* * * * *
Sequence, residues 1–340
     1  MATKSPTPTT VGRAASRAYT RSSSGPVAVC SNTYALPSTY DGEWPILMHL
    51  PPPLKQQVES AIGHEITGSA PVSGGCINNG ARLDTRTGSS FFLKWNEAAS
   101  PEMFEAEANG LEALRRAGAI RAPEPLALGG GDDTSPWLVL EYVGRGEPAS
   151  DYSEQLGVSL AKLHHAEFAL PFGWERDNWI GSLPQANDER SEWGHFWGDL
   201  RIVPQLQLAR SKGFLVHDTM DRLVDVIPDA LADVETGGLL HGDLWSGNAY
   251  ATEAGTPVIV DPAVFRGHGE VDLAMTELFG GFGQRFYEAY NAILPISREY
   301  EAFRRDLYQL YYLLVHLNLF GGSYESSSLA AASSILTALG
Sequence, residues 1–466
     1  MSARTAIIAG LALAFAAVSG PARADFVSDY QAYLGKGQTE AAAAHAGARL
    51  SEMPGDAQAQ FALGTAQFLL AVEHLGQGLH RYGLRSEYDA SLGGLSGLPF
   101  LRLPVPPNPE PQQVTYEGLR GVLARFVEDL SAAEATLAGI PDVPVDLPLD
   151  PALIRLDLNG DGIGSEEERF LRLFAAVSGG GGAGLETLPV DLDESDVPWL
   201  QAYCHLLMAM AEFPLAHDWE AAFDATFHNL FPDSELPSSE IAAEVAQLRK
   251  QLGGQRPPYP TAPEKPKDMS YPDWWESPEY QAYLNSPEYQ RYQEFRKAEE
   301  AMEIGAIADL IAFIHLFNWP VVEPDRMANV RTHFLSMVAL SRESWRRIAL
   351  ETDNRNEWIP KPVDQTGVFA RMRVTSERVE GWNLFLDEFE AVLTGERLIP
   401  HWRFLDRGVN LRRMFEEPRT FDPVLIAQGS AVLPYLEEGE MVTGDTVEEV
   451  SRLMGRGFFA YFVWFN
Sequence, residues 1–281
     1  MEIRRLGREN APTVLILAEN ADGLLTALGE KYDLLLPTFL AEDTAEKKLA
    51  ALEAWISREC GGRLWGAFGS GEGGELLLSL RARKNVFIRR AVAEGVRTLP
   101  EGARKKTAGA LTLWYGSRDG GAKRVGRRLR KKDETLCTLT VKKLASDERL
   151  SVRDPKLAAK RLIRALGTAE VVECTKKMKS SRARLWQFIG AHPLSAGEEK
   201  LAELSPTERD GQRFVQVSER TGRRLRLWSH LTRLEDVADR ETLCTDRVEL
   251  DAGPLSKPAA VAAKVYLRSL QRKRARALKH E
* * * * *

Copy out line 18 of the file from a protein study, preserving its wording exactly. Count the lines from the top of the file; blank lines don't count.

   401  HWRFLDRGVN LRRMFEEPRT FDPVLIAQGS AVLPYLEEGE MVTGDTVEEV